The recent 2018 RAPID + TCT conference and trade show demonstrated a wide range of new machines for rapid prototyping with emphasis on additive manufacturing.  Many new 3D Printing machines were launched, with particular emphasis on materials especially in the metals category.  While these new technologies open up capabilities for new product manufacturing, one talk at the conference stood out that described the impact happening throughout the manufacturing industry.

Dr. Phil Reeves, who leads Stratasys’ consulting services division, was part of the opening keynotes for RAPID. Dr. Reeves of course recognized the changes happening in product design and development through the adoption of additive manufacturing and its unique capabilities.  3D Printing’s ability to create complex geometries is the most obvious use of the fabrication method in product design.  For example, new digital designs notably reduce weight, which is important for parts being incorporated into planes, automobiles, spacecraft, and other transportation machines that use fuel. Reduced weight directly translates into cost savings in these industries.  For medical devices and prosthetics, 3D Printed parts that weigh less are more comfortable and convenient for the patient. Lighter parts also save shipping costs for all industries.

However, Dr. Reeves points out that 3D printing’s influence can be felt in many more areas of manufacturing beyond product design and is also improving many aspects of the supply chain.  The complex system required to move products from suppliers to end-users involves a logistical coordination of raw material, finished parts, data, and other elements of the manufacturing/distribution process. Here are a few ways in which additive manufacturing can reduce time, eliminate waste and improve productivity in the supply chain.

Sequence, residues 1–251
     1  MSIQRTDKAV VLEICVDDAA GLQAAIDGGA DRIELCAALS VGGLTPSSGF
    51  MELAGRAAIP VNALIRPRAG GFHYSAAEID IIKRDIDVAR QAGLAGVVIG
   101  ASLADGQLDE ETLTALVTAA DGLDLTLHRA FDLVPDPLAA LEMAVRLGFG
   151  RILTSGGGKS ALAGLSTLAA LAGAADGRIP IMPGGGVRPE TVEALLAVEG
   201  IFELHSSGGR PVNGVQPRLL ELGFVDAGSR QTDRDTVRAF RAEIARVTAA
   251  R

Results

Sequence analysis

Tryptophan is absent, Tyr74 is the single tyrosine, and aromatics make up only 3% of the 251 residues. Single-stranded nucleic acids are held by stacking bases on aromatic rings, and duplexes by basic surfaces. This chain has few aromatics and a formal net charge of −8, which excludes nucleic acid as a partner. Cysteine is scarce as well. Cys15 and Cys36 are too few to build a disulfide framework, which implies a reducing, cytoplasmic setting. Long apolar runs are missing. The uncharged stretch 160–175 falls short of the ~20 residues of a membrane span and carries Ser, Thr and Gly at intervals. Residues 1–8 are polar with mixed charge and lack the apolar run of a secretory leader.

Many parts can be fabricated as fully functional assemblies with no additional construction required.  Gears turn, hinges bend and other mechanical operations perform right out of the 3D Printer.  There is no need for assembly, reducing a step in the supply chain, which may also involve shipment to another location. 


Functional assemblies reduce parts count, minimizing part carry costs and simplifying inventory control.  GE’s famous LEAP engine nozzle has gone from 20 parts to just 4 by 3D Printing functional assemblies.  As an added benefit welding is almost eliminated in the nozzle, increasing strength 5 fold while weight is reduced 25%

Sourcing Components & Subassemblies

In some cases manufacturers are making components and subassemblies right at the site where they are required, rather than buying or making elsewhere and shipping to a central assembly location.  The environmental impact of such supply chain changes is potentially very large.

While Dr. Reeves’ comments were focused on additive manufacturing, many of his concepts also hold true for other technologies on the factory floor. Whether using laser micromachining, CNC machining, or other digital tools to make products, advanced manufacturing brings new strategies for streamlining the entire supply chain for our customers.  Potomac’s solutions for the medical device, biotech, microfluidics, consumer products and microelectronics markets extend beyond product development to innovate the entire manufacturing process.